Have you ever thought about what exactly a dance floor make out (DFMO) is? Well, I hadn’t until a few weeks ago, because every time I thought about it sober in the light of day, it made me feel yucky. But now I have thought about it, beautiful readers, and I hope you’ll stick with me. I think the DFMO is a microcosm of a traditional marriage narrative, and thus, embedded in patriarchy.

Let’s be anthropological about this. The DFMO develops in six discrete steps:

1. A circle of women dance.

2. A man (“guy”) approaches one of the women from behind.

3. Depending on his civility and level of intoxication, he will either get her attention and ask her to dance or grab her hips without verbal communication. They will “grind” (dancing which involves rubbing the woman’s butt against the man’s crotch to the rhythm of the music).

4. In the latter case, the woman is often unsure who her partner is, as it is dark, loud, she is drunk and she has her back to him. If this happens, she will consult her friends, whom she is facing and who can see the face of her partner. She communicates with them either by raising an inquisitive eyebrow or signaling thumbs up/thumbs down. If the friends disapprove of the partner, they will give her a thumbs down or simply pull her away. If they approve, they’ll give a thumbs up or a permissive shrug.

5. The crucial moment comes after several minutes of peer-sanctioned grinding. The male, still holding his partner’s hips, will twist her toward him (requiring her to literally turn her back to her friends) and they will proceed to make out.

6. At the end of the song the couple will likely part, or they may leave the party together for the privacy of one their bedrooms.

Two things about this ritual stand out: its deep heteronormativity and the fact that it's so overtly public.

With the possible exception of parties hosted by and for the queer community, DFMOs are dominated by straight couples, with each member performing a clearly prescribed gender role. Men are in the apparently active role, controlling the progression at every stage—selecting a partner, issuing the invitation to dance, deciding when to transition from dancing to making out and suggesting to leave the party together.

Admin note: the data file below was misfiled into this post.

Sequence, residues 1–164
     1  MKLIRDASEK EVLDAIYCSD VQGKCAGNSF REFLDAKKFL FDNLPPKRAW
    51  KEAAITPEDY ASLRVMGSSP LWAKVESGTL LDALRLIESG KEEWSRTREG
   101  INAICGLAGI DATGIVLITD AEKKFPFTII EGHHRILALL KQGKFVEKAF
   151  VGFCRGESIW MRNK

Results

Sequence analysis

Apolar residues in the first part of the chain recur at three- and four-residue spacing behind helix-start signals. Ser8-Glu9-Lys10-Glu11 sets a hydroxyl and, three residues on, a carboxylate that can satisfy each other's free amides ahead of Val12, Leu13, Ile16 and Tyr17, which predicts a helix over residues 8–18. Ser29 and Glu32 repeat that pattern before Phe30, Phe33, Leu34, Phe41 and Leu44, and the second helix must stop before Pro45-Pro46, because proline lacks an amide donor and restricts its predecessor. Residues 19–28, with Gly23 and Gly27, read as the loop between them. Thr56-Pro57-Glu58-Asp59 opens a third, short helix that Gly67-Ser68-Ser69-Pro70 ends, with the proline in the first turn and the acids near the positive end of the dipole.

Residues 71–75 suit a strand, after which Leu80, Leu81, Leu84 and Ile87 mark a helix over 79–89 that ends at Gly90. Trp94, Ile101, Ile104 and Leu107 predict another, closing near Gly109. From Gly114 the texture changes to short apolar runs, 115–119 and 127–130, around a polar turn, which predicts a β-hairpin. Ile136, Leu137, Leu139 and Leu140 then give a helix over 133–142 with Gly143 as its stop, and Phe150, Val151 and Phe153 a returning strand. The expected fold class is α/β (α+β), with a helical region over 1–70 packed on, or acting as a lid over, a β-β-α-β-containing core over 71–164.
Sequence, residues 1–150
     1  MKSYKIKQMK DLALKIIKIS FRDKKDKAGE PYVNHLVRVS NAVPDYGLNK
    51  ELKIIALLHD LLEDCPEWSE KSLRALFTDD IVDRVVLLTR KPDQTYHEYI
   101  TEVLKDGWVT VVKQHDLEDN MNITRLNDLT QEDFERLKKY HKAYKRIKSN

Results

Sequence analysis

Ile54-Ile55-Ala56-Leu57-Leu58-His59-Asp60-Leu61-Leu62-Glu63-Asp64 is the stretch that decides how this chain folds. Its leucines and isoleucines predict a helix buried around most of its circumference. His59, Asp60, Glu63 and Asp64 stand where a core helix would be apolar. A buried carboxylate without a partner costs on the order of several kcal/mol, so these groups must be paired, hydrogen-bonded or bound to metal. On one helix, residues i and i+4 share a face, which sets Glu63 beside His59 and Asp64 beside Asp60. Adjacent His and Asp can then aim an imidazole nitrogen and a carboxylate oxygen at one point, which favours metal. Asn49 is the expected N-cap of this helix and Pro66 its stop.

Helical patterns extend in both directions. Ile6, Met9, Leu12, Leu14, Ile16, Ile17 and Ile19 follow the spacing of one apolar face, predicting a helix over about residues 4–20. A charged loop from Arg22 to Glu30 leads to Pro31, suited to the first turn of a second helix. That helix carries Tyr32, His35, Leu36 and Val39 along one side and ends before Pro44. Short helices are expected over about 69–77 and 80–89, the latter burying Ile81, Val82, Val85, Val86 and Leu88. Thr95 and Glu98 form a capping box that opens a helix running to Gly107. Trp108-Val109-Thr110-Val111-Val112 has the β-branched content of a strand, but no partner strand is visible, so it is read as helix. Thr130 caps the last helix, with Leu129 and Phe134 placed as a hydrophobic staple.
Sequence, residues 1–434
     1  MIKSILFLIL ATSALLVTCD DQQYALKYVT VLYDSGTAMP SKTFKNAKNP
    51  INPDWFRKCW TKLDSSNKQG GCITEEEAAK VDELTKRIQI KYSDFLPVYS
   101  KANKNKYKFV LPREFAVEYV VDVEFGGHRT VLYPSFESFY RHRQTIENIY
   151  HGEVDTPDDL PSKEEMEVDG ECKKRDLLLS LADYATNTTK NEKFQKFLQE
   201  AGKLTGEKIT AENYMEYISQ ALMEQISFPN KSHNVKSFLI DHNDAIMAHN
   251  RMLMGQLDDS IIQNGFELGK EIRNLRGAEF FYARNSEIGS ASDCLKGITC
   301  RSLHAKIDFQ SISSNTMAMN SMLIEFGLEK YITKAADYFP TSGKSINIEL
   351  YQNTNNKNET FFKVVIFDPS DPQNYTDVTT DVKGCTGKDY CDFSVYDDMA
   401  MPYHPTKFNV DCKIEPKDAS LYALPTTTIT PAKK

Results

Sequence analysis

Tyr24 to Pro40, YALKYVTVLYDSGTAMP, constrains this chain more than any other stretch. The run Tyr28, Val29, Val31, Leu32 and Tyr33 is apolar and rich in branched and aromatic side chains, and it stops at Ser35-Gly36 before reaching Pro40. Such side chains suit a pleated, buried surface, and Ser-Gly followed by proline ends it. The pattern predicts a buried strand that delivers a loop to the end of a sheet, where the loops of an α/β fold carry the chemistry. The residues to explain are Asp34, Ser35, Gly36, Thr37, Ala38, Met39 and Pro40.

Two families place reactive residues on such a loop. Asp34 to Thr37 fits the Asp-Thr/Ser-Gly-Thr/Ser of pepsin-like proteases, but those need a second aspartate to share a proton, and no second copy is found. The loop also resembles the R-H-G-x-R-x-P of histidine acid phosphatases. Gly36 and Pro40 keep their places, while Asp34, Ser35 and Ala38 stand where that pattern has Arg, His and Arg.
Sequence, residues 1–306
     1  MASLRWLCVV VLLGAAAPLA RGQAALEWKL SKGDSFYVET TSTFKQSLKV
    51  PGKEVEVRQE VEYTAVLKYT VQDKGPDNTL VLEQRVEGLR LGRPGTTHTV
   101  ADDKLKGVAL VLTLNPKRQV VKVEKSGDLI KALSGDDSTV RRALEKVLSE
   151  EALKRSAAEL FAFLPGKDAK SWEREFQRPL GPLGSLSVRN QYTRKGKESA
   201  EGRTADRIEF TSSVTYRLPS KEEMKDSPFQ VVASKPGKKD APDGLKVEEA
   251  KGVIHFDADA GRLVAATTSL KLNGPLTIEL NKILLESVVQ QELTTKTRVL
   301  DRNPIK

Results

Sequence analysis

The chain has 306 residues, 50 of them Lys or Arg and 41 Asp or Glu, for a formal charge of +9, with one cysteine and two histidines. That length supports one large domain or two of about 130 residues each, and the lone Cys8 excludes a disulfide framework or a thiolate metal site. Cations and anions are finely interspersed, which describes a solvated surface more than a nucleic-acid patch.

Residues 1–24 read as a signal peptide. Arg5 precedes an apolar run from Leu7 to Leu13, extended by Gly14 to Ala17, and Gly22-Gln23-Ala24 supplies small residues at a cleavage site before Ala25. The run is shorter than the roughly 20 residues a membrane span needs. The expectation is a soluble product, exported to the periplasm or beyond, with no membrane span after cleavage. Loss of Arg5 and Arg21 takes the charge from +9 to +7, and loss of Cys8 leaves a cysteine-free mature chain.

This does not mean women are mere pawns. They exert agency, albeit within the confines of a patriarchal system. Women can signify interest in a dance floor partner by making repeated eye contact with him or accidently-on-purpose brushing against him. These actions are small enough to go unnoticed by a casual observer, but significant enough that they could precipitate a DFMO where one might not otherwise happen.

DFMOs follow an intuitive social script even for the uninitiated because they resemble a stale though undeniably appealing narrative: the heterosexual romance.

It is the marriage arc. Man sees woman, initiates contact, contact is reciprocated, acquaintance is made and both participants renounce their other non-romantic relationships and elevate the romantic one. You can see this when the woman turns her back on her friends, with whom she came to the party, to make out with a man whose name she may not even know. However, the friends do not see this as a betrayal. They helped her get to this capitulation by signaling thumbs up or slightly shifting their arrangement so that the woman could be near enough to her future partner to accidentally-on-purpose brush against him. It is not unlike the many pre-wedding bridal celebrations—the bachelorette party, the wedding shower—they are all about women celebrating one of their number moving from their ranks to romantic bliss.

The heterosexual romantic narrative is distilled, perhaps, in its purest form in children’s stories. Recall the scene at the end of Disney’s “The Little Mermaid,” in which Ariel weds Prince Eric on the ship and sails away from every other meaningful relationship in her life—her father, her sisters, Sebastian the crab guardian, Flounder her fish friend. It is not that different from leaving a party full of close friends and admired acquaintances to fumble with the buttons on a barely known lover’s shirt.

The obvious difference between the DFMO and the traditional heterosexual marriage arc is that the DFMO is quick and nonbinding while marriage is long-term and tightly binding. The DFMO heterosexual romance happens on a micro-scale because of the liberating forces of darkness, alcohol, contraception and alleged sexual emancipation (though the extreme heteronormativity seems less than emancipated).

So let’s just remember, patriarchy is bad for everyone. Dance floor make outs are embedded in patriarchy. Might as well just go to Super Snack.